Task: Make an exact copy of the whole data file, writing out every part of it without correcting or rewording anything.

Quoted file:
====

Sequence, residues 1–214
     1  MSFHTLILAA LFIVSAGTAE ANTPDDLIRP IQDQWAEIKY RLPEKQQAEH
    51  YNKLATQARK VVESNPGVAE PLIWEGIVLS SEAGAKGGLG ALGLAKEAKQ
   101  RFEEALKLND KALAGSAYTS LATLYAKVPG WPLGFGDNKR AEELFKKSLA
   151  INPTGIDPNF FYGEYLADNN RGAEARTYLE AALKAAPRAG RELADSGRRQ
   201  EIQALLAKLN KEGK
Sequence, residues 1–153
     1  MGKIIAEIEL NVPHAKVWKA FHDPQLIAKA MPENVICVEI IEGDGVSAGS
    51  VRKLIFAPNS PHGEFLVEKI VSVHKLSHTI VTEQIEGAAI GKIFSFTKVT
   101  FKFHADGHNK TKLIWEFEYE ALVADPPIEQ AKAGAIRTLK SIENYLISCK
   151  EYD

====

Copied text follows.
Sequence, residues 1–214
     1  MSFHTLILAA LFIVSAGTAE ANTPDDLIRP IQDQWAEIKY RLPEKQQAEH
    51  YNKLATQARK VVESNPGVAE PLIWEGIVLS SEAGAKGGLG ALGLAKEAKQ
   101  RFEEALKLND KALAGSAYTS LATLYAKVPG WPLGFGDNKR AEELFKKSLA
   151  INPTGIDPNF FYGEYLADNN RGAEARTYLE AALKAAPRAG RELADSGRRQ
   201  EIQALLAKLN KEGK
Sequence, residues 1–153
     1  MGKIIAEIEL NVPHAKVWKA FHDPQLIAKA MPENVICVEI IEGDGVSAGS
    51  VRKLIFAPNS PHGEFLVEKI VSVHKLSHTI VTEQIEGAAI GKIFSFTKVT
   101  FKFHADGHNK TKLIWEFEYE ALVADPPIEQ AKAGAIRTLK SIENYLISCK
   151  EYD